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An Inside Look at Trump’s Infrastructure Plans

5 min readBy: Joseph Bishop-Henchman

President Trump signed an infrastructure permitting executive order on Tuesday, the intended highlight of that day’s news conference. The executive order is part of the White House’s “Infrastructure Week,” and has the goal of expediting permitting for infrastructure projects by requiring each project to have a lead federal agency in charge of navigating it through the bureaucracy, and directing federal agencies to determine ways to reduce average permitting time from seven years to two years. President Trump and Secretary Chao displayed a flowchart of the existing federal permitting process, which I’ve pasted at the bottom of this post. The executive order also revoked a flood control planning process relating to global warming mitigation.

As for a tangible plan, the focus so far has been more on financing than actual funds. During the campaign, Trump frequently mentioned a $1 trillion infrastructure plan, several times the $250 billion plan Hillary Clinton had proposed. But both plans focused on financing, not funding: Clinton proposed $25 billion in seed funding for a “bank” that would somehow turn that into $250 billion of projects. Trump’s proposal was originally $137 billion in generous 82 percent tax creditA tax credit is a provision that reduces a taxpayer’s final tax bill, dollar-for-dollar. A tax credit differs from deductions and exemptions, which reduce taxable income, rather than the taxpayer’s tax bill directly. s to private investors if they invested $167 billion into constructing $1 trillion worth of projects, meaning it could only go toward projects that could earn the cash to recoup the investment. An updated proposal, included in the President’s budget request, relies on a mix of $200 billion in tax credits and direct funds, although only $5 billion was requested for the 2018 budget and the new spending is offset by $95 billion of proposed cuts to highway and transit projects. At the same time President Trump has needled Senate Majority Leader McConnell to put a plan on his desk, his team has noted low federal borrowing costs, and this spring White House officials listened to a pitch covering 500 potential infrastructure projects from across the country.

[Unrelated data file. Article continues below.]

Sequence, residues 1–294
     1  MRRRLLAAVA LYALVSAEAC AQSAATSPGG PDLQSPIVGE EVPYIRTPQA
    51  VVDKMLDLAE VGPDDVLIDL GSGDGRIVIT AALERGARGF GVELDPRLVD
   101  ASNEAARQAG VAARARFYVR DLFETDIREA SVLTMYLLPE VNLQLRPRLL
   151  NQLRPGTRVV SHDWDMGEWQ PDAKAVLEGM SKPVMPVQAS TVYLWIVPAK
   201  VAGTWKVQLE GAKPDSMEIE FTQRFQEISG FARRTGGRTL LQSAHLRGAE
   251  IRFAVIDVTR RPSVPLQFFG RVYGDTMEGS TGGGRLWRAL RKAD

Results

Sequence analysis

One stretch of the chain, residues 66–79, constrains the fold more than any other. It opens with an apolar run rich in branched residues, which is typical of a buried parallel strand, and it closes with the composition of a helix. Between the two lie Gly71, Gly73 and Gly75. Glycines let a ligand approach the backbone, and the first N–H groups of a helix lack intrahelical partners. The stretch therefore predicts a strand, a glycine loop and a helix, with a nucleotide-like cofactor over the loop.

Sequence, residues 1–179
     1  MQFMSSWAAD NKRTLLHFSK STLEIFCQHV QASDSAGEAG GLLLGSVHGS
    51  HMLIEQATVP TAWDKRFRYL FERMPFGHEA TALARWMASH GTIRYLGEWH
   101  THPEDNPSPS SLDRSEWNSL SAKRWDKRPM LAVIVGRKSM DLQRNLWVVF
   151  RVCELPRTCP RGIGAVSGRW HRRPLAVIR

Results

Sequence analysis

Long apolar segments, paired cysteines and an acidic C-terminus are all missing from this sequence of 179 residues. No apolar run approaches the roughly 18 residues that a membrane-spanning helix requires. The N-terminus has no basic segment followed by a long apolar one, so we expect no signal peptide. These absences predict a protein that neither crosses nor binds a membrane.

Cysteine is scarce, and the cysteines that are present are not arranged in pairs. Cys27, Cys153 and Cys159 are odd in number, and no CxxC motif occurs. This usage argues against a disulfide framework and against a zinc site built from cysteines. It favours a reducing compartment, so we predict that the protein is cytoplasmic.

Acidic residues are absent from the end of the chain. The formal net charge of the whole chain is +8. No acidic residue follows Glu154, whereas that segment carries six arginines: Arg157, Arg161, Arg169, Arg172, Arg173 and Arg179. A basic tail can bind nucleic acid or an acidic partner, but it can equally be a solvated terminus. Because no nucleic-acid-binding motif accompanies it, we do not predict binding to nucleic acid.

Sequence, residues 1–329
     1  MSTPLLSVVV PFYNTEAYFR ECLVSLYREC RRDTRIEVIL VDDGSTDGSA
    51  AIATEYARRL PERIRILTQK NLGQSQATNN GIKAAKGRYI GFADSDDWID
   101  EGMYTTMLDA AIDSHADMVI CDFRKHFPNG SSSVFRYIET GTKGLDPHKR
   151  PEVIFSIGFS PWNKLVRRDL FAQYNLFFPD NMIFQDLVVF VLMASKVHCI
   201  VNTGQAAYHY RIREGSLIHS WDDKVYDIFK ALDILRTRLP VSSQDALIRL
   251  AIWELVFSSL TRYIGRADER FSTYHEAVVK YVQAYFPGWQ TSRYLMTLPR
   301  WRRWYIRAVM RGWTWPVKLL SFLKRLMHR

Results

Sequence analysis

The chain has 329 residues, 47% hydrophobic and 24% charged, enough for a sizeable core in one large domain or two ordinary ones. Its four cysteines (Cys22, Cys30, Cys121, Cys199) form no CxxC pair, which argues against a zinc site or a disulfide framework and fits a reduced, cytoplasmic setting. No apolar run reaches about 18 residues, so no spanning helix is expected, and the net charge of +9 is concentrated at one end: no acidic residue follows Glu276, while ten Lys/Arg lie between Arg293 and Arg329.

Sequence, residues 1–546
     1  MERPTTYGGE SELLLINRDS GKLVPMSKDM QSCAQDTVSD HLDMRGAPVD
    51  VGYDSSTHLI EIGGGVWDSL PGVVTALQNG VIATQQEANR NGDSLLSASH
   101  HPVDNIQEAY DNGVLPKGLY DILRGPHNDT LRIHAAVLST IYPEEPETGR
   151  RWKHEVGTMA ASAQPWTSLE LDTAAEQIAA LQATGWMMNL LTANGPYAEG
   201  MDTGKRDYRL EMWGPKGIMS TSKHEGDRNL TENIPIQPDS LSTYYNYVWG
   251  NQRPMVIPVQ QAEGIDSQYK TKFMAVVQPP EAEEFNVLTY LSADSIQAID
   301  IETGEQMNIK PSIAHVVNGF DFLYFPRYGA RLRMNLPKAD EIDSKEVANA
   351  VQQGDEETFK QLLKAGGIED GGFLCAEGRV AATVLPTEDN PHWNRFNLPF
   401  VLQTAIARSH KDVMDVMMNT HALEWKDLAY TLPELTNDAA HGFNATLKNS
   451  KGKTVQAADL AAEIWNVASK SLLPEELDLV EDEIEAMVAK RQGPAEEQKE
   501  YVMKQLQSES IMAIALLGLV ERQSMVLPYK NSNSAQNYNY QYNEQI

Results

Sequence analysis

It’s worth noting most infrastructure is funded, built, and owned by private actors, not public ones. In 2015, $2.3 trillion was spent building private infrastructure in the U.S., including pipelines, power stations, refineries, freight railroads, cell phone and broadband networks, and factories. That was about five times the size of public infrastructure spending that same year of $472 billion, split about $192 billion by the federal government and $280 billion by state and local governments. Most of that (about one-third) was for highways, with the rest primarily water utilities, mass transit, schools, and passenger rail. Most of the federal money was for new projects; most of the state and local money was for operations or maintenance of infrastructure. Unless we’re talking about spending much more money than either Clinton or Trump ever proposed, the biggest bang for the buck will be reducing obstacles in the way of private infrastructure builders.